I'm anticipating little or no programming in this course.
There will be some lectures by me; about half of the classes will be like this. The other half of the class will be more studio/discussion style, with teams discussing and critiquing each others' work, and based on team presentations in which the class jointly provides feedback on some aspect of a team's case study. In short, it will be highly interactive.
Components of your grade
There will be one midterm, one final exam, assignments (most of which will contribute toward your team project), and a final presentation of your study. In addition, every student will need to participate as human subjects in 3 (tentative number) of the studies your classmates are conducting.
Note: This class does not have a TA, and so not all assignments can be graded formally. You will not know in advance which assignments will be graded formally and which will not.
I have high expectations, and expect performance worthy of graduate students in computer science. Thus, in this class, "A" does not mean "adequate" or "nothing wrong" -- it means "excellent". For an A, you should expect to dig deep and get the most you can out of the class.
- Midterm = 20%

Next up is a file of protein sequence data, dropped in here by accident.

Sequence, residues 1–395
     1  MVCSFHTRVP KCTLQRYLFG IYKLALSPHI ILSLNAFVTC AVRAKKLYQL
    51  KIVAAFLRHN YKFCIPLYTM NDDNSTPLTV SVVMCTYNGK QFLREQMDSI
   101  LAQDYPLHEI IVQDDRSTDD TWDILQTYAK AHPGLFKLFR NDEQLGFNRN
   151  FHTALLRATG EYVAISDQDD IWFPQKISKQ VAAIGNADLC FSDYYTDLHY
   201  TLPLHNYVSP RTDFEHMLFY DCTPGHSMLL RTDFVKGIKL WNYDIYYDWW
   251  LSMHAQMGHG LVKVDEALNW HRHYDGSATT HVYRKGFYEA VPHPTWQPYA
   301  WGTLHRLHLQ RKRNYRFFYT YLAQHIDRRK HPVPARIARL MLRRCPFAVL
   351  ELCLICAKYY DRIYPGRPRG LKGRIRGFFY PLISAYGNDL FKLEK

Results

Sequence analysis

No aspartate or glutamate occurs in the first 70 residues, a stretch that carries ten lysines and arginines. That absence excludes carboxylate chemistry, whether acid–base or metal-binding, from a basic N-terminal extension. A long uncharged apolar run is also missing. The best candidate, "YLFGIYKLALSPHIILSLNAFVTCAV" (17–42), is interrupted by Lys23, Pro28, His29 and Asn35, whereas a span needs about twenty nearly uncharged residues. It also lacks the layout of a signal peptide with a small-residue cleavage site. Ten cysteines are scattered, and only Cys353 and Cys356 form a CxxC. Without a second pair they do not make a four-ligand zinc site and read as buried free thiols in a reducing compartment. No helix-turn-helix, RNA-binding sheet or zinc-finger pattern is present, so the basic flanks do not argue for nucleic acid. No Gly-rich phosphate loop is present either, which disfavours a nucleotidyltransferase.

- Final exam = 25%
- Interim assignments and presentations = 30%
- Final project = 25%
- Required, ISBN/SKU 9781848000438, Shull et al., Guide to Advanced Empirical Software Engineering, Springer, 2008.
We will also have selected readings from other sources, but you don't have to buy those.
Subject to change! Please check back every week for updates.
- Week 1 (Sept 27-...): Introduction to empirical studies.
- Types of empirical studies, when to use what.
- Ethical issues when working with human subjects.
- ==Read chapter 11: sections 1-5 and section 8.
- ==Read chapter 9.
- ==HW#1: Take the "CITI" IRB ethics of human subjects tutorial. Hardcopy certificate due in class Monday 10/4.
- If you have previously obtained this certificate, turning in a copy of your old one is fine -- you do not have to take the tutorial again.
- It is wise to keep a pdf of this certificate for reuse later. The IRB sometimes loses their copy of these, so saving a copy is wise.
- ==HW#2 (see below for due date): Start thinking about who your team member should be and what you would like to do for your study project.
- Weeks 2-3 (Oct 4-...): Designing statistical studies.
- Win-win research questions.
- What types of data you might collect to answer the research questions.
- The concept of statistical significance, statistical dangers (noise and where it can come from, type I errors, type II errors).
- The humans: population sources (real people, mechanical turks, ...), between-subject vs. within-subject, how many groups, random assignment, counterbalancing, Latin Squares.
- Designing the tutorial.
- Designing the task, materials, time limits.
- ==Read parts of chapter 8.
- ==Read about Mechanical Turk: Amazon Mechanical Turk. Requester Best Practices Guide and Crowdsourcing user studies with Mechanical Turk.